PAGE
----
TECH Chinese neuroscientist wins 2022 L'Oréal-UNESCO For Women in Science Awards


Chinese neuroscientist wins 2022 L'Oréal-UNESCO For Women in Science Awards


20:04, June 25, 2022

Hu Hailan, laureate of the 2022 L'Oréal-UNESCO For Women in Science International Awards, gives a lecture at the French Academy of Sciences, June 21, 2022. /CGTN

Chinese neuroscientist Hu Hailan, 49, has won the 2022 L'Oréal-UNESCO For Women in Science International Awards for her work on depression, which has contributed to the development of the next-generation drugs to treat the disease, according to the UN body.

She and four other woman scientists received the awards at the headquarters of the United Nations Educational, Scientific and Cultural Organization (UNESCO) in Paris on Thursday evening.

Hu, professor and executive director of the Neuroscience Center of Zhejiang University School of Medicine, is the youngest recipient of the award this year, and the seventh Chinese winner of the award.

UNESCO said she was recognized for her "pioneering discoveries in neurobiology that have revolutionized our understanding of social emotional behavior and mental disorders."

The awards, established by UNESCO and Foundation L'Oréal in 1998, are presented annually to five outstanding female scientists, who have contributed to overcoming today's global challenges through their work.

Due to the COVID-19 pandemic, UNESCO had not held any offline ceremonies for the awards over the past two years. Ten winners of the 2020 and 2021 awards were also present at Thursday's ceremony.

Hu told CGTN that the award was recognition for a long line of women scientists.

"Chinese women scientists are 'blooming' and everyone is racing to get better. We're seeing so many leading scientists in so many fields, including for this award," she said.

"I'm honored to join the ranks of those icons. They've been my heroes and inspired me in my work. I hope to pass on that encouragement to other young women and share our love for science.

"There is no better career than being a scientist for me. You are sponsored and encouraged to do what you love."

Hu also explained the mission that drives her work.

She cited a World Health Organization (WHO) figure in 2017, which showed that the Burden of Disease (BoD, a barometer that gauges the overall impact of a disease) for depression had overtaken that for cancer and cardiovascular diseases.

"And that's before COVID-19 hit," she said, adding that recent studies have pointed to higher rates of depression. "It's a very big problem."

"And I think every scientist shares this sense of mission … wanting your research to be meaningful and to improve people's health and quality of life.”

Who were the other winners?

Coming from fields including biochemistry and infectious diseases, this year's laureates are noted for work that has proven particularly meaningful in the last few years.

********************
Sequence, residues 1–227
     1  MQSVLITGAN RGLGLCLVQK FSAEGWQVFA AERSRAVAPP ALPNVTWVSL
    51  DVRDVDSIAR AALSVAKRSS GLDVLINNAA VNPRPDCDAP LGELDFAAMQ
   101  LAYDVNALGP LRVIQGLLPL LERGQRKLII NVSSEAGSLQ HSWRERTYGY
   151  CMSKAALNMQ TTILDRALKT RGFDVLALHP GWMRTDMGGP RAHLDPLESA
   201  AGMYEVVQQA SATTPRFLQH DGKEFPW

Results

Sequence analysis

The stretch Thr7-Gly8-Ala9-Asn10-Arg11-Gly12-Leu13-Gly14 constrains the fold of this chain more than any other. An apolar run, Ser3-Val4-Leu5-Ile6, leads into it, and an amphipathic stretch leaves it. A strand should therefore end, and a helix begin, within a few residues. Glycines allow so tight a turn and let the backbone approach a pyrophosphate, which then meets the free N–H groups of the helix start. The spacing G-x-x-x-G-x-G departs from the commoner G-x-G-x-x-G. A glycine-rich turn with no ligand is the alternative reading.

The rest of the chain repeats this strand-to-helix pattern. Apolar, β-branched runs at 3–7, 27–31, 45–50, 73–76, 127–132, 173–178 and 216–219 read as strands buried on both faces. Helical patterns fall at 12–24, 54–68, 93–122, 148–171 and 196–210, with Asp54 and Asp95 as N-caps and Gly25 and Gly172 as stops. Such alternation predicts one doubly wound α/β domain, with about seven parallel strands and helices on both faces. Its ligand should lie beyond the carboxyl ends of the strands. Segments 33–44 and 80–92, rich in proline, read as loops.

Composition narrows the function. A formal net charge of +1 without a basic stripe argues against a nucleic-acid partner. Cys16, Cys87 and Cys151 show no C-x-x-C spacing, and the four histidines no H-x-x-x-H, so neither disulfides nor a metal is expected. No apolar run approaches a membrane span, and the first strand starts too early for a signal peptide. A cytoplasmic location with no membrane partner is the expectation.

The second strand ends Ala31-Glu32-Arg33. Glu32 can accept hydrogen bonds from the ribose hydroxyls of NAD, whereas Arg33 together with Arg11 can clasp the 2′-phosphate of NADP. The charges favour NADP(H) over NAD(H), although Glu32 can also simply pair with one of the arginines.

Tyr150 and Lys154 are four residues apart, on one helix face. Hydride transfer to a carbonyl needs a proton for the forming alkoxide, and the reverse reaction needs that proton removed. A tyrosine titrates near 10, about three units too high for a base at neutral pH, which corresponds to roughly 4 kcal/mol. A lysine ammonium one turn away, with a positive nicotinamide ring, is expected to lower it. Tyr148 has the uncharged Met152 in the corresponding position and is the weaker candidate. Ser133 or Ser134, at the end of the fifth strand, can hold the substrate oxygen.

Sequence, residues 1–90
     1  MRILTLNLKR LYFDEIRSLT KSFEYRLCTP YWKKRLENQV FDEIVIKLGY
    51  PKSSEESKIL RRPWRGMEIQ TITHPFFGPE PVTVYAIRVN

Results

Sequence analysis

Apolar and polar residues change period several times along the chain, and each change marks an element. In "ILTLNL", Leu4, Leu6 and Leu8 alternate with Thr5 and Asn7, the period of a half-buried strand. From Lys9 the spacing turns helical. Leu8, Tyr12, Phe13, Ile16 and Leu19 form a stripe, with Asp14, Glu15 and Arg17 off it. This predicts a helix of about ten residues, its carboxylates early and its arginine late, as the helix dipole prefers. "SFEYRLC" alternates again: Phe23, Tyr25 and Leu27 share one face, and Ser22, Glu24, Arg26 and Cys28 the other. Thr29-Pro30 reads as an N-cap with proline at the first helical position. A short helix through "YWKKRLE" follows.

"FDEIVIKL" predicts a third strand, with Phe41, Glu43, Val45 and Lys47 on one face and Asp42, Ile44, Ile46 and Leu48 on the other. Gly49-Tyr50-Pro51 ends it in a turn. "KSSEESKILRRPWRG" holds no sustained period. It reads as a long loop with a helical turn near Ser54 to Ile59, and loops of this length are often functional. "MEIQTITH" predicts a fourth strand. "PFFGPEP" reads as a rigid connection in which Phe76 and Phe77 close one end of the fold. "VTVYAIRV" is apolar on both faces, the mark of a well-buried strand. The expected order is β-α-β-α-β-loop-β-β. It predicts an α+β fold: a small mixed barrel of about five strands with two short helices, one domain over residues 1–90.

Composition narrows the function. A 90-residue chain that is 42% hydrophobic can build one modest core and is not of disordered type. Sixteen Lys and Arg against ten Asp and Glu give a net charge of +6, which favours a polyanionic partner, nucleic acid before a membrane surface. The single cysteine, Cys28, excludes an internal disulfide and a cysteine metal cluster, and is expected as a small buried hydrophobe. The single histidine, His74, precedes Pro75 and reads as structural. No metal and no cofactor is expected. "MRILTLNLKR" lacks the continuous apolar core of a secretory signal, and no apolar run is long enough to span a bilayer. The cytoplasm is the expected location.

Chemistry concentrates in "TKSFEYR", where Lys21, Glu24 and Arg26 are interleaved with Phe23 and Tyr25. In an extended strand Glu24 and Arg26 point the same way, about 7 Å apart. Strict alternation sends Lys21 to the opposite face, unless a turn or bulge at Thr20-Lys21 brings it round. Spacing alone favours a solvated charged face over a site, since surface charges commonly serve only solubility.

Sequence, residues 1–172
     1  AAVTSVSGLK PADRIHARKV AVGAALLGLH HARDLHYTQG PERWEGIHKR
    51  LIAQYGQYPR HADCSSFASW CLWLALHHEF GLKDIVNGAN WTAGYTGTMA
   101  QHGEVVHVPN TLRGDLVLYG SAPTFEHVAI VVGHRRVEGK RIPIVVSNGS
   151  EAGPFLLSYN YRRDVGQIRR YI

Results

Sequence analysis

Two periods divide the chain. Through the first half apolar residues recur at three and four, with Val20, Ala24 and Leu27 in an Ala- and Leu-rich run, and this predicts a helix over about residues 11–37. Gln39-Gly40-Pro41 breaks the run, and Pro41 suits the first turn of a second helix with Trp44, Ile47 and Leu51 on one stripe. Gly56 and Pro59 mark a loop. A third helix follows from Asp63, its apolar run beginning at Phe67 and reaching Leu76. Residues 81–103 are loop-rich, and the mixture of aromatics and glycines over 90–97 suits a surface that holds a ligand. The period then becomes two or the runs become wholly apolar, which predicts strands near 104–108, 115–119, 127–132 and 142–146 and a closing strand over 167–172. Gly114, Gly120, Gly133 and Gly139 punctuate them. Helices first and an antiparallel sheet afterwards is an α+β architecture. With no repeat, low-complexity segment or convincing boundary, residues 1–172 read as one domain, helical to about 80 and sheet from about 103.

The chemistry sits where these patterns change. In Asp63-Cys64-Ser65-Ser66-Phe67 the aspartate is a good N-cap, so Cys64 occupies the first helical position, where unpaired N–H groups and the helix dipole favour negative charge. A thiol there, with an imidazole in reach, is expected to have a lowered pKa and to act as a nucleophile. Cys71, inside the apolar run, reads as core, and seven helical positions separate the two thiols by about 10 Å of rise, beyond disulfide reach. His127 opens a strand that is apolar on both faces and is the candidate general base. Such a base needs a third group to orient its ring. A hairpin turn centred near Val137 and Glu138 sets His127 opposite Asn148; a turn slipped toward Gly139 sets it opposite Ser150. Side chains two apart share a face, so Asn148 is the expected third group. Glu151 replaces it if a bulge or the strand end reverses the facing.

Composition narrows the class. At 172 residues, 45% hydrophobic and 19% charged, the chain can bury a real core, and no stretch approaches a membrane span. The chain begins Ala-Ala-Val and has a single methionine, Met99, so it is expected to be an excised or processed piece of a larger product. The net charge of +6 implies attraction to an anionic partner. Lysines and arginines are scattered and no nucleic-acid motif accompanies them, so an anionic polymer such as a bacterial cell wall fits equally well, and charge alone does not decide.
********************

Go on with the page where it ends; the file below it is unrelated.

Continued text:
The other four scientists honored in 2022 are Professor Agnès Binagwaho, professor of pediatrics and vice-chancellor of global health at Equity University in Rwanda; Professor María Guzmán, director of the Research Center of the Pedro Kouri Institute (IPK) Institute of Tropical Medicine in Cuba; Professor Katalin Karikó, adjunct professor at the Perelman School of Medicine, University of Pennsylvania and senior vice president at BioNTech RNA Pharmaceuticals in the U.S.; and Professor Ángela Nieto from the Institute of Neuroscience (CSIC-UMH) in Spain.

Alexandra Palt, chief corporate responsibility officer at L'Oréal and CEO of the Foundation L'Oréal, said the scientists shared some common traits.

"Their perseverance, their ability to overcome obstacles and resilience have been admirable," she told CGTN. "And they are all so humble."

She said it's necessary for the scientists to get the exposure and recognition they deserve.

"Women scientists have played such an important role, but they are less visible than men," She said. "We need their presence."

"And more of them should be in leadership roles," she said, adding that the younger generation of women scientists globally are becoming more outspoken and inching towards that goal.

Hu Hailan said more than half of her own students are women now. In some years, the proportion is over 70 percent.

"My suggestion to women in science has a lot to do with my own experience: do what you love and excel in, and stick to it." Hu said. "That would be the most rewarding, not only in terms of efficiency, but also how you feel."

She also said now is among the best times to be a scientist.

"We could be at a tipping point for explosive findings in biology. We're ever closer to uncovering new secrets now."

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